Devid Striesow

Devid Striesow

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Devid Striesow - Bayerischer Filmpreis awards 2016 at Prinzregententheater - Arrivals at Prinzregententheater - Munich, Germany - Friday 15th January 2016

Devid Striesow
Devid Striesow
Devid Striesow

Devid Striesow and Francine - Shots of a host of stars as they arrive for the annual German Goldene Kamera Awards 2015 which were held at Messehallen in Hamburg, Germany - Saturday 28th February 2015

Devid Striesow and Francine
Devid Striesow and Francine
Devid Striesow and Francine

Francine Striesow and Devid Striesow - Shots of a host of stars as they arrive for the annual German Goldene Kamera Awards 2015 which were held at Messehallen in Hamburg, Germany - Friday 27th February 2015

Francine Striesow and Devid Striesow
Francine Striesow and Devid Striesow
Francine Striesow and Devid Striesow

Yella Review


Good
Perhaps characteristic of many a debut feature, German filmmaker Christian Petzold's uneasy yet promising Yella feels tied to the centric image of the nerve-wracked heroine who gives it its title. Wide-eyed and coiled, Yella (Nina Hoss) is first seen in the film's opening measures on a train heading home. She is present for nearly every scene that precedes this initial, alluring moment. The lady leaves the train and immediately begins to be accosted by a man, a man who obviously knows her intimately but whose identity we do not yet know

Much of Petzold's seduction, which is held consistently until the film's rote final moments, lies in the fact that we are rarely completely aware of the entanglements and deep emotional tides that run under each scene and inside each character. That we eventually discover that this man is Yella's unhinged ex-husband (Hinnerk Schönemann) is expected, but the way it is revealed shows a patience and assurance that belies both the filmmaker's age and the decisions he makes at the very end of his film.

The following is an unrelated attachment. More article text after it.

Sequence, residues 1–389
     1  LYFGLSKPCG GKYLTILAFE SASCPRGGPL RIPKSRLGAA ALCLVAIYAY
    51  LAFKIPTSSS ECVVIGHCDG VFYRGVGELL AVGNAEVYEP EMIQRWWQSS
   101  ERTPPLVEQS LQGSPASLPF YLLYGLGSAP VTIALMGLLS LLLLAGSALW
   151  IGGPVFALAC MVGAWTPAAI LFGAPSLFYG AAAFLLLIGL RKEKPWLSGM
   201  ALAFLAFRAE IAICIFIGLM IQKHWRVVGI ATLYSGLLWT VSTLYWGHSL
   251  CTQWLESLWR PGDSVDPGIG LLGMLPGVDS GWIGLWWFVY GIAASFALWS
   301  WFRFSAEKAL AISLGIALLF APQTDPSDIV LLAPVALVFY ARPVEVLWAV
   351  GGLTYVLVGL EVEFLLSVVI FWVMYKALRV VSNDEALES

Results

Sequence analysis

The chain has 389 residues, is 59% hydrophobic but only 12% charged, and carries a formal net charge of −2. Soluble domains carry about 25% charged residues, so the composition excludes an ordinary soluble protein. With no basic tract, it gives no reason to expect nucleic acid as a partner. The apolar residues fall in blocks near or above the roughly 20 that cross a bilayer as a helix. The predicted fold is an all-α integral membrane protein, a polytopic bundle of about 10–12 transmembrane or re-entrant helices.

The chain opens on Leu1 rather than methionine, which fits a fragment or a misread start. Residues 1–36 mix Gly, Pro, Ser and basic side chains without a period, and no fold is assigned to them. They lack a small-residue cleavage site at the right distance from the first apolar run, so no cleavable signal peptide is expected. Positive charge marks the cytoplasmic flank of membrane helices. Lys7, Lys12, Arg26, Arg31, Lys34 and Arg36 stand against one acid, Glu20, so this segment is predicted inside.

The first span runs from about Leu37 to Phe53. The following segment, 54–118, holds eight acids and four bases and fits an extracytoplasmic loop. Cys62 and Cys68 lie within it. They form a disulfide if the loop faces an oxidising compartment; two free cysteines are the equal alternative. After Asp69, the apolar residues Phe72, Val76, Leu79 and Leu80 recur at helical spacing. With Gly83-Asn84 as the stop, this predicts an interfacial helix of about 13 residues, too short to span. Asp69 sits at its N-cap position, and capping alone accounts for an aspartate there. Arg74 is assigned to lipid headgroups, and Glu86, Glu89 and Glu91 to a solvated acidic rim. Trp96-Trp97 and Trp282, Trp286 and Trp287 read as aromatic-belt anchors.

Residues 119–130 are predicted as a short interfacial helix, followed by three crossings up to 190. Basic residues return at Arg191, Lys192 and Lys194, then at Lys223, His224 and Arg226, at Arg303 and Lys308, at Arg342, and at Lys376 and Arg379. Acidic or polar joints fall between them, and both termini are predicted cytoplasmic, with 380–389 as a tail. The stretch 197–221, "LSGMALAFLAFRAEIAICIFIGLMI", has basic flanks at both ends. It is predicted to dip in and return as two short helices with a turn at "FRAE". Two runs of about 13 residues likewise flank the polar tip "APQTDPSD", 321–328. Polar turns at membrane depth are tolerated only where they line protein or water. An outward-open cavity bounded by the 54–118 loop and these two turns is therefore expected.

Continue reading: Yella Review

The Counterfeiters Review


Good
Stefan Ruzowitzky's The Counterfeiters opens on a beach in Monte Carlo where Salomon Sorowitsch (the great Karl Markovics) is sitting in a nice suit and a briefcase. Ten minutes later, Salomon walks into the swankest hotel in the gambling paradise and opens the case to reveal a king's bounty of crisp bills. You'd think the guy was James Bond's ragged older brother but, in truth, the guy has earned the right to be a ruthless money-spender.

Based on the true account of a group of Jewish counterfeiters that worked for the Nazis, Ruzowitzky casts Sorowitsch as the morally negligent foreman of a group of counterfeiters. Already an accomplished counterfeiter before being caught, Salomon (his friends call him Solly) gets put in job of the money counterfeiting operation by Herzog (an impressively whiny Devid Striesow), the commander of his current camp and the man who originally arrested Salomon.

Continue reading: The Counterfeiters Review

Devid Striesow, Nina Hoss and Nicolette Krebitz - Devid Striesow, Nina Hoss, Nicolette Krebitz Berlin, Germany - Aftershow-party for the premiere of Das Herz ist ein dunkler Wald at the Kino International Wednesday 19th December 2007

Devid Striesow, Nina Hoss and Nicolette Krebitz
Devid Striesow, Nina Hoss and Nicolette Krebitz
Devid Striesow, Nina Hoss and Nicolette Krebitz
Devid Striesow, Nina Hoss and Nicolette Krebitz

Before The Fall Review


Weak